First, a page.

Compressor; the internal combustion “Hydrocarbon Engine” invented by George
Brayton and fueled by kerosene (Germany displayed a similar engine); the
Lightning Rotary Cylinder Press; the Wallace-Farmer Electromagnetic Generator;
and, Alexander G. Bell demonstrated his proto-type of the modern telephone, the
Telephonic Telegraphic Receiver. Also, visitors could obtain rubber boots and
shoes produced by Charles Goodyear’s invention, and for fifty-cents they could
have a personal letter written on a new machine called a “type-writer.”
        The United States of America comprised two-thirds of the space in
Machinery Hall. With the exception of Brazil and Canada, all the other exhibits
hailed from Europe. The second largest exhibit was the British Empire,
assembled under a large red and white banner announcing “Great Britain and
        Although the British displayed an impressive, though limited, array of
tractor and other steam-engine machinery, including circular saws for cutting hot
iron, there was one exhibit which caused more alarm than amazement,
especially among U.S. military observers. It was their display of a large sample
of nine inch armor plating, that had deeply-indented shot holes, proving its
invulnerability, which stood next to a 21 5/8 inch iron plate. That plate was
polished on one side, and was accompanied by an explanation of their technique
of layering the plates, which were designed for use in stationary fortifications
rather than mobile weaponry. The concern among American leaders was that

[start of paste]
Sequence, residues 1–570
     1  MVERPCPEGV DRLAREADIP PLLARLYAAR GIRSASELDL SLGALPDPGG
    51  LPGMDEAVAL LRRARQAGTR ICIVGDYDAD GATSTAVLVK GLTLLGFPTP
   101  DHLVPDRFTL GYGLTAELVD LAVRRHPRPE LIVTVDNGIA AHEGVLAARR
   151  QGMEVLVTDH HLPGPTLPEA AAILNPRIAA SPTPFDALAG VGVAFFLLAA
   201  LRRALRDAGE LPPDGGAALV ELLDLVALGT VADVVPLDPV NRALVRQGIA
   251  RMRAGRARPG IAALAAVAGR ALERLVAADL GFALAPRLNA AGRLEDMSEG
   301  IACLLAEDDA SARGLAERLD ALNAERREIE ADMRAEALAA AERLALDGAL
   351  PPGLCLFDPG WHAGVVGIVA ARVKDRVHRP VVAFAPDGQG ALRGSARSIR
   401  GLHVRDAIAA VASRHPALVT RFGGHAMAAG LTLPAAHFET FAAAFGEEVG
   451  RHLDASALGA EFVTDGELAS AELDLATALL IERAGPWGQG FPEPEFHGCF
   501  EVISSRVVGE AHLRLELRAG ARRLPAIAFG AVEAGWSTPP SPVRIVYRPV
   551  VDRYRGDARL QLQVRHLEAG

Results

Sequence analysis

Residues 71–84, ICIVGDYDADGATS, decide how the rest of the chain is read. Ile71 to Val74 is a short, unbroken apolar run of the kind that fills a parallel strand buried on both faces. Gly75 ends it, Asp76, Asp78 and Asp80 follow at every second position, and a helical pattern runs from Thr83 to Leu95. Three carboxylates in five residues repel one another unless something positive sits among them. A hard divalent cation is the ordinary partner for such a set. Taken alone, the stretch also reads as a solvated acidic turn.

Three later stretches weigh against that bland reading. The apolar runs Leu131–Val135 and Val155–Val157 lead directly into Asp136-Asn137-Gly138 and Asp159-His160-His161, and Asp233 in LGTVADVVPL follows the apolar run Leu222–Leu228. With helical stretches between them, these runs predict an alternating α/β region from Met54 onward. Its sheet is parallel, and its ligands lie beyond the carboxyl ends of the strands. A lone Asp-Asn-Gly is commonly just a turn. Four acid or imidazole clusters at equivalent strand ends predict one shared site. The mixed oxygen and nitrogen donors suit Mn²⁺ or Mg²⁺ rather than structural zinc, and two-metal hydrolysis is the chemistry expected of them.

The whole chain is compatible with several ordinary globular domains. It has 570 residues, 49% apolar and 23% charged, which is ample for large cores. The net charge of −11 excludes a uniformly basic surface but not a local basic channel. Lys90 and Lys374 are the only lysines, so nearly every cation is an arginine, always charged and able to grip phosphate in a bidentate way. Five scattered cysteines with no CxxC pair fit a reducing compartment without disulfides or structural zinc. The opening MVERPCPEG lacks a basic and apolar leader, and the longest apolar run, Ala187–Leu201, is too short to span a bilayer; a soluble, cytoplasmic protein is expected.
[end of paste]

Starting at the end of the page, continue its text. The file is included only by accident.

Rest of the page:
the U.S. had no rolling-mill plants capable of producing such heavy plating.
        Walking away from the British demonstrations, I passed under the barrels
of two huge breech-loading siege guns, the largest being a 14 inch 1,200-
pounder. Recently used in the Franco-German War, they were manufactured by
Krupp and clearly dominated the German exhibit. With that I exited the eastern
end of the Hall to view some of the other attractions.
        Other smaller buildings that were part of the Exhibition included those
erected by a number of U.S. states, foreign nations, and the Woman’s Pavillion.
        Horticulture Hall, declared by many to be the most beautiful building of the
Exhibition, was an extraordinary experience for Americans. The glass and iron
structure housed an exotic array of plant life, never seen before by most visitors,
such as date palms, cacti, ferns, bananas, orchids, and orange trees. From
there you could board one of the highlights of new U.S. technology – the “Safety
Elevated Railway.” Designed by General LeRoy Stone, the double-decker,
steam-driven monorail carried passengers between Horticultural Hall and
Agricultural Hall over Belmont Ravine.
        At Agricultural Hall the latest advances in food production, processing, and
preservation, such as American-made plows, cultivators, threshers, reapers, and
mowers were being shown. Many of those were powered by portable steam
engines. In addition, there was an extensive collection of livestock, seeds, meat

packing machines, packaged dry yeast, and such canned goods as condensed
milk which was first developed for Union troops during the Civil War.
      After a brief stop at the Department of Public Comfort, and before I toured
the Main Building, I decided to find sustenance at a French restaurant.

                                International Impact

        Many prominent Americans opposed issuing an invitation for participation
in the Exhibition to those nations ruled by monarchies. The organizers of the
fair, especially President Grant, correctly discarded such objections. The issue
was to demonstrate a proof of principle, that the ideas upon which the United
States was founded, and the economic measures of the American System which
successfully flowed there from, was a scientific truth. By its very definition, those
republican principles are universal to all nations and peoples. Following in the
footsteps of the great American thinker and strategist, President John Quincy
Adams, who developed the concept of creating a “community of principle among